# [Beginner level question on modeling] Bayesian analysis of F1 scores from two ML models

Hi, folks I’m new to PyMC and Bayesian modeling/analysis.

I have been trying to use PyMC to run an experiment in which I compare the results from two machine learning models. Specifically, I’m interested in comparing them in terms of their F1 scores (whose values range from 0 to 1 – and I get from running 10 fold cross validation on both models):

So, to get things going and start making modeling choices, I simulate experiment data as follows:

``````def estimate_beta_params(mu, var):
alpha = ((1 - mu) / var - 1 / mu) * mu**2
beta = alpha * (1/ mu - 1)
return (alpha, beta)

estimate_beta_params(0.75, 0.1)

results_from_model_1 = np.random.beta(a=0.65, b=0.22, size=120)
results_from_model_2 = np.random.beta(a=0.65, b=0.22, size=120)
``````

However, as I mentioned, I’m new to Bayesian modeling in general, so I’m not sure how to fully specify a probabilistic model for the aforementioned comparison.
So far, I decide to apply Beta priors on the means because their values range from 0 to 1. Additionally, as a simplifying assumption, I assume that the mean of both groups is 0.75 (and variance is 0.1) (see method above).

``````with pm.Model() as model:
# given that the values for the means (i.e., F1) range from 0 to 1,
# apply Beta priors on them
# also, _arbitrarily_ set the hyperparameters to mu = 0.75 and variance = 0.1
# (see estimate_beta_params method)
model1_mean = pm.Beta("model 1 mean", alpha = 0.65, beta = 0.22)
model2_mean = pm.Beta("model 2 mean", alpha = 0.65, beta = 0.22)
``````

After going over some of the named distributions, I am still not sure how to specify likelihoods. Any suggestions?

Can you provide some sketch of what the data is? Is the data the F1 sores themselves? And what’s the question you are trying to answer?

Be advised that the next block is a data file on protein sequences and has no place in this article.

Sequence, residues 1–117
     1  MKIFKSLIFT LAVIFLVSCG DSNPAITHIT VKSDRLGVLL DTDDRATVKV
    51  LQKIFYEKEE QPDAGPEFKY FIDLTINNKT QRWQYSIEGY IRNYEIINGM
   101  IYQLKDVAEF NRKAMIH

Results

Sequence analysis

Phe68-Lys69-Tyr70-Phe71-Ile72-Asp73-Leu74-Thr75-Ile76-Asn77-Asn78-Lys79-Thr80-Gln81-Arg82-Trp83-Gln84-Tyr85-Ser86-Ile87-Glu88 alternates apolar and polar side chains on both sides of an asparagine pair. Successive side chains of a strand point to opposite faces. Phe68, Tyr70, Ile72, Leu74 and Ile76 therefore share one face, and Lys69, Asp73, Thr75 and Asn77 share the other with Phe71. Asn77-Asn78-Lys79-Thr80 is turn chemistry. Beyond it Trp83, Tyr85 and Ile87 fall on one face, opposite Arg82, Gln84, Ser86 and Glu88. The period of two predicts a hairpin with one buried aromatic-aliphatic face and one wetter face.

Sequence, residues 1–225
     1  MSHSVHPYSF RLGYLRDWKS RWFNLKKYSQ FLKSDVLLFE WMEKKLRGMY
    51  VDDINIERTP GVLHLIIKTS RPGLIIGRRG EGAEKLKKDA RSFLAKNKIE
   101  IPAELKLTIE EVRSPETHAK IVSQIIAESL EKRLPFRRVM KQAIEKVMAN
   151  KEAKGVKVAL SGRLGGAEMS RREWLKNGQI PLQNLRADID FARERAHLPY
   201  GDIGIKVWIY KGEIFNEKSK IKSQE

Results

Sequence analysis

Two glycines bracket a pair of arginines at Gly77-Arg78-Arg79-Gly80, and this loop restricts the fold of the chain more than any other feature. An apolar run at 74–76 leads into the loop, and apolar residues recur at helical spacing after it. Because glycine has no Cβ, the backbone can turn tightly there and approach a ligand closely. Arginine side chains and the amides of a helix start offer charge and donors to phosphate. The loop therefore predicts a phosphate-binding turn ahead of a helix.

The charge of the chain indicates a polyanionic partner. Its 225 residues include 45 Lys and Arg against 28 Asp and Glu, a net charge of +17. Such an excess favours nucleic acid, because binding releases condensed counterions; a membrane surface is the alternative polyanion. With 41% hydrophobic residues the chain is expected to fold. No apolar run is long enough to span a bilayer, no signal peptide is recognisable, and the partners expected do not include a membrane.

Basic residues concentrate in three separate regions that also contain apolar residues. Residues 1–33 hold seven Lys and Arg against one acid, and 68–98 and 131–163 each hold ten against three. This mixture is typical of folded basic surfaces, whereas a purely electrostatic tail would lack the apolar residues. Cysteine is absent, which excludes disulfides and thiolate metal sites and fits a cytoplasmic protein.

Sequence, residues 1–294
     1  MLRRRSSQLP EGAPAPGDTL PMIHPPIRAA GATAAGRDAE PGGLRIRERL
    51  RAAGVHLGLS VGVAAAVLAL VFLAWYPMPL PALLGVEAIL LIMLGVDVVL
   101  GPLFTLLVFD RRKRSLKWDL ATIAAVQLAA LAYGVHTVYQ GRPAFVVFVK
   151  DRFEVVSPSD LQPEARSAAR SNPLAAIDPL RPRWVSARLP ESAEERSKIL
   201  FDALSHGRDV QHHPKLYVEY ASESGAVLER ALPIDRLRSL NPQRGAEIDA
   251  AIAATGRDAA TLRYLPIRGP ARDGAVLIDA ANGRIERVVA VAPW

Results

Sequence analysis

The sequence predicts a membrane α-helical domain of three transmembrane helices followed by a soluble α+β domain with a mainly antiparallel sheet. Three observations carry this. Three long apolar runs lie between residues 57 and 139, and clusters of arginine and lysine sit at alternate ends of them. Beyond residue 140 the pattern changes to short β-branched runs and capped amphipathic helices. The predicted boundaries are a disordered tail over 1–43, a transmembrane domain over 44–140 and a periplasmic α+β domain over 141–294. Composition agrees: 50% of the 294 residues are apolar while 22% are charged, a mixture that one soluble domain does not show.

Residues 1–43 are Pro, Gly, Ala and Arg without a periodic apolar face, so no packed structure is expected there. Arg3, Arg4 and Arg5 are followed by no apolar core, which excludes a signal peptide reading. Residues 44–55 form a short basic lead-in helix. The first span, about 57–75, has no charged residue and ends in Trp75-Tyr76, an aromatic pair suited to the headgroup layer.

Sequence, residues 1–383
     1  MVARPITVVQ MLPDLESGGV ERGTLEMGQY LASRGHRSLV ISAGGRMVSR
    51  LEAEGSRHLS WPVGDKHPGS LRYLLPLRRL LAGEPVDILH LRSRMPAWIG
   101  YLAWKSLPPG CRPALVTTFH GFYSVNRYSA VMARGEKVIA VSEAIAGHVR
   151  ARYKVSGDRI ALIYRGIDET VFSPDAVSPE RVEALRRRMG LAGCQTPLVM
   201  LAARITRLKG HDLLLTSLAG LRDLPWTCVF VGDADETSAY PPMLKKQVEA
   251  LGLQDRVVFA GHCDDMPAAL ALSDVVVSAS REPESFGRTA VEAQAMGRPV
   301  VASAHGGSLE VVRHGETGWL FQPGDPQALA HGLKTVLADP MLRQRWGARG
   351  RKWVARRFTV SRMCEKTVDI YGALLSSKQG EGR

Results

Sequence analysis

Yes, the data are F1 scores. You can get a feel for the data by running the `estimate_beta_params`.
For instance (simulating data for a model):

``````def estimate_beta_params(mu, var):
alpha = ((1 - mu) / var - 1 / mu) * mu**2
beta = alpha * (1/ mu - 1)
return (alpha, beta)

estimate_beta_params(0.75, 0.1)

results_from_model_1 = np.random.beta(a=0.65, b=0.22, size=120)
results_from_model_1
``````

Would result in an array as follows:

``````array([0.64012898, 0.99623235, 0.42080934, 0.99999896, 0.22052374,
0.16008201, 0.26732771, 0.96165433, 0.2073106 , 0.73644397,
0.32282837, 0.74649128, 0.93408431, 0.99145974, 0.9902438 ,
0.24905937, 0.98678771, 0.91015317, 0.36951003, 0.0383655 ,
0.99196919, 0.99976532, 0.99786201, 0.99241236, 0.97478833,
0.38688449, 0.98292308, 0.83390483, 0.99999994, 0.85605049,
0.85979515, 0.26567911, 0.99999959, 0.9961947 , 0.03926723,
0.99995637, 0.93542531, 1.        , 0.33429166, 0.44179379,
0.55468918, 0.56027303, 0.96545908, 0.99802973, 0.9995173 ,
0.94268163, 0.91577903, 0.34161971, 0.89171426, 0.19107768,
0.46173997, 0.06780729, 0.9986046 , 0.91034444, 0.88941731,
0.27467245, 1.        , 0.14479665, 0.26347849, 0.95849152,
0.30109627, 0.99392332, 0.31133103, 0.99843967, 0.94574275,
0.88638523, 0.35566542, 0.44832093, 0.95193456, 1.        ,
0.95068676, 0.98895839, 0.00877955, 0.58098781, 0.99863503,
0.54451651, 0.26174459, 0.99966453, 0.72931634, 0.76719711,
0.1639244 , 0.82652736, 0.06960771, 0.82958025, 0.8691868 ,
0.69978128, 0.33643546, 0.05567993, 0.99961485, 0.87182994,
0.79650009, 0.94770892, 0.78782211, 0.12369101, 0.99956335,